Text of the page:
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Nick Doyle
Pixel Format Issue
on Apr 17, 2018 at 11:43:42 am

Hi there,

Would really appreciate some advice on this problem.

I'm producing an animation for a client and they've given me the spec they want said animation to be produced in. It all makes sense apart from they've asked it be encoded with pixel format Planar 4:2:0 YUV. I've not heard of this particular format and haven't been able to find many answers on the internet.

Would anyone be able to explain what it's used for and if Media Encoder outputs to this?
Many thanks in advance,
Nick


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Dave LaRonde
Re: Pixel Format Issue
on Apr 17, 2018 at 2:14:13 pm

There's a missing piece of information: the media container.

Mp4? Mov? AVI, God forbid?

Dave LaRonde
Promotion Producer
KGAN (CBS) & KFXA (Fox) Cedar Rapids, IA


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Nick Doyle
Re: Pixel Format Issue
on Apr 17, 2018 at 4:44:45 pm

Ah! of course sorry about that.

They've said it can be in either .avi, .mov or .wmv format. I'll most likely be outputting in .mov format.

Many thanks,


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Dave LaRonde
Re: Pixel Format Issue
on Apr 17, 2018 at 6:33:50 pm

Since it's YUV, I'll guess it's going to broadcast.

Quicktime should have the codec, but NOT if you did the April update -- Adobe killed off support for a lot of QT codecs. You'd have to revert to the previous update.

Personally, I render in a lossless codec out of AE, and use Adobe Media Encoder for the transcode.

Dave LaRonde
Promotion Producer
KGAN (CBS) & KFXA (Fox) Cedar Rapids, IA


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Steve Bentley
Re: Pixel Format Issue
on Apr 17, 2018 at 7:49:28 pm

I wonder if they mean "Linear" instead of Planar (as in a linear color space), or I wonder if the Planar media player has a special codec or requirement. Usually these branded media players use a run of the mill codec with a wrapper, just like an mp4 can be a wrapper for an H264.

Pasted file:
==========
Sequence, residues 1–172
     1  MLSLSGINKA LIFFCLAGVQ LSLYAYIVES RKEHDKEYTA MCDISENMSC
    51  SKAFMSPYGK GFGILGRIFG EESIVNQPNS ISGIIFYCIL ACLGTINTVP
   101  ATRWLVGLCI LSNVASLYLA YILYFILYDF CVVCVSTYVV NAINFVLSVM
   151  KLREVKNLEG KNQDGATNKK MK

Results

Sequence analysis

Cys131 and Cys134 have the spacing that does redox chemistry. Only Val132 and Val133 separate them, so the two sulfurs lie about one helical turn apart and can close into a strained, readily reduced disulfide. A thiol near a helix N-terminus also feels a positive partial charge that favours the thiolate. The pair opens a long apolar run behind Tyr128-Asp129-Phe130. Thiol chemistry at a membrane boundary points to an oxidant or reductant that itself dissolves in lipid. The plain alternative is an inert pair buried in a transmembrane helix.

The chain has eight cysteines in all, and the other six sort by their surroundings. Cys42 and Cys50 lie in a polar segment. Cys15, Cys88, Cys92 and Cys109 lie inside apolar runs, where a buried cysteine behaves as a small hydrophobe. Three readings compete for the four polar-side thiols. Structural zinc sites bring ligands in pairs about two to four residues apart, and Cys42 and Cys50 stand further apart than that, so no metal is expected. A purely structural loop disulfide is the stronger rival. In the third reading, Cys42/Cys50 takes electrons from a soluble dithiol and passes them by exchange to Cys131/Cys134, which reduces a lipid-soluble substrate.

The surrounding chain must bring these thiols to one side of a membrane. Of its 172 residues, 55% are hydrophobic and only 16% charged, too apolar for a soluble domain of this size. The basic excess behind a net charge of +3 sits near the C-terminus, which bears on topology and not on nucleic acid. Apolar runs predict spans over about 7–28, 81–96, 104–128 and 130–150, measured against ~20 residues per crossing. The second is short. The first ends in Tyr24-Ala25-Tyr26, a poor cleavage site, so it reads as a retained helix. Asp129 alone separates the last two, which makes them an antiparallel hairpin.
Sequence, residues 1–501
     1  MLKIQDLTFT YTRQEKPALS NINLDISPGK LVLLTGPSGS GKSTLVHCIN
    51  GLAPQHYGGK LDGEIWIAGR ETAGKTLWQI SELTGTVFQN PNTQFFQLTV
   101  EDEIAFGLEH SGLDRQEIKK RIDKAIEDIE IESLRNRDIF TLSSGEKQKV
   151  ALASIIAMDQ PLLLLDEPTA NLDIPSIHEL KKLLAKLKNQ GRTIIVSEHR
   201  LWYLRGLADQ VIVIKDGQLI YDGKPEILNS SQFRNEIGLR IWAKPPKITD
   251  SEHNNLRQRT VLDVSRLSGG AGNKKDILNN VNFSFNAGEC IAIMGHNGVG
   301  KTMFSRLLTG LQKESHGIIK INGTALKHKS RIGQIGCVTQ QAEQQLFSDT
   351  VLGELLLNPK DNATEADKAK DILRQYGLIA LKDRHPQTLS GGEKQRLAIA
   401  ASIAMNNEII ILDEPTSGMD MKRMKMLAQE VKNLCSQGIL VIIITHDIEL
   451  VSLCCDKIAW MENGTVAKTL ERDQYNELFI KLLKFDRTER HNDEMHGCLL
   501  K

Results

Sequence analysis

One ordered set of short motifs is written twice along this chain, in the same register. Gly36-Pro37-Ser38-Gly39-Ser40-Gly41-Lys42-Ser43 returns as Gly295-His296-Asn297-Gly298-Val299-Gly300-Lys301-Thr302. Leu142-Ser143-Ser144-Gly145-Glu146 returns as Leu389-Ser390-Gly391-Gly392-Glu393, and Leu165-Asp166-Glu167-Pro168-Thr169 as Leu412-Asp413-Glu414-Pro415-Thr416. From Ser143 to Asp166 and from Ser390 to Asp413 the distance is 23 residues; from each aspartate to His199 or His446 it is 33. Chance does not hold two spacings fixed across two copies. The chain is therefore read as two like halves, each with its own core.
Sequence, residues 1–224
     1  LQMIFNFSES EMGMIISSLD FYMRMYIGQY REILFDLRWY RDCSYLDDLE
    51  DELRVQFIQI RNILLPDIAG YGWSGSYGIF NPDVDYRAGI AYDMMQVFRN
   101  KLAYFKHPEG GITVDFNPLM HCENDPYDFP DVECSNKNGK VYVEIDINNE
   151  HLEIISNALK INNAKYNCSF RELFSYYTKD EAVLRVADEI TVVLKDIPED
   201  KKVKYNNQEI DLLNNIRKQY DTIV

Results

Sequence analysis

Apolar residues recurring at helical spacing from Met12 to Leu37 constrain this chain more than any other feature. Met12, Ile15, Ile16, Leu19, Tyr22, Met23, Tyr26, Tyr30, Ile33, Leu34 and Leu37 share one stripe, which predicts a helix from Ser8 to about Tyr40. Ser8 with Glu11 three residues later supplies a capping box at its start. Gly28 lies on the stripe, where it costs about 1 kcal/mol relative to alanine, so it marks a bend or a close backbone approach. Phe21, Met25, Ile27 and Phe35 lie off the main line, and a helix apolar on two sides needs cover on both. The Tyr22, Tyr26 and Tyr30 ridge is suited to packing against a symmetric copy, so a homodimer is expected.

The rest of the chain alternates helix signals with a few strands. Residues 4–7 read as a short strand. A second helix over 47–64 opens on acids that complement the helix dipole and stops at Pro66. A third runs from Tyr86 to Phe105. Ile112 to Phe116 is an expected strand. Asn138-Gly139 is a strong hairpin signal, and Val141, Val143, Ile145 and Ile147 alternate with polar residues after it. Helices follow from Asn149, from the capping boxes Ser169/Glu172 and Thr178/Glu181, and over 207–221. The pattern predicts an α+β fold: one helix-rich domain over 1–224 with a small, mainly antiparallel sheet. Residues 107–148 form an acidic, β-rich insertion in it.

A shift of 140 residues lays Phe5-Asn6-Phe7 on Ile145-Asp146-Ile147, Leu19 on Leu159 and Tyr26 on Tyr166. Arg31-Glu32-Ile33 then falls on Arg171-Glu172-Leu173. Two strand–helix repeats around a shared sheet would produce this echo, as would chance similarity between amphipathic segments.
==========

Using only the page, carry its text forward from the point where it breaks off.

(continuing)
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Walter Soyka
Re: Pixel Format Issue
on Apr 18, 2018 at 10:32:50 am

Let's break "planar 4:2:0 YUV pixel format" down.

First, a "pixel format" defines the way the computer will use numbers to encode the pieces of a digital image, and the way it will store them in memory.

"YUV" refers to a way of encoding an image. Instead of describing color in terms of red, green, and blue, we describe it in terms of a single channel of brightness (luminance, or Y) and two channels of color (chrominance, or U and V).

"4:2:0" refers to a chroma sub-sampling method. Because the human eye is more sensitive to changes in brightness than it is to changes in color, we can reduce the amount of memory or bandwidth an image requires by "sub-sampling" the color channels, or using fewer color samples in our image than brightness samples. 4:2:0 chroma sub-sampling means that our color channels will be 1/2 the horizontal resolution AND 1/4 the vertical resolution of the brightness channel. (In case you're wondering what the heck 4:2:0 means, it says we're looking at a sampling width of 4 pixels, that we'll do 2 horizontal color samples in that space, and that 0 of those samples will change in the second row of pixels we sample.)

"Planar" means that once we have our YUV samples, we'll store them in planes in memory; first, all the Y, then all the U, then lastly all the V. Contrast this with "packed," where we'd intersperse and store all three values together by pixel group, instead of by channel per frame.

Nerdy diversion aside... you also need to know what codec they want delivered. For example, H.264 uses the "yuv420p" pixel format you want by default.

Walter Soyka
Designer & Mad Scientist at Keen Live [link]
Motion Graphics, Widescreen Events, Presentation Design, and Consulting
@keenlive [twitter]   |   RenderBreak [blog]   |   Profile [LinkedIn]


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Chris Wright
Re: Pixel Format Issue
on Apr 18, 2018 at 12:49:17 pm

9/10 they also want 16-235 video levels when asking for yuv. but not necessarily. you'll need to ask that one too.


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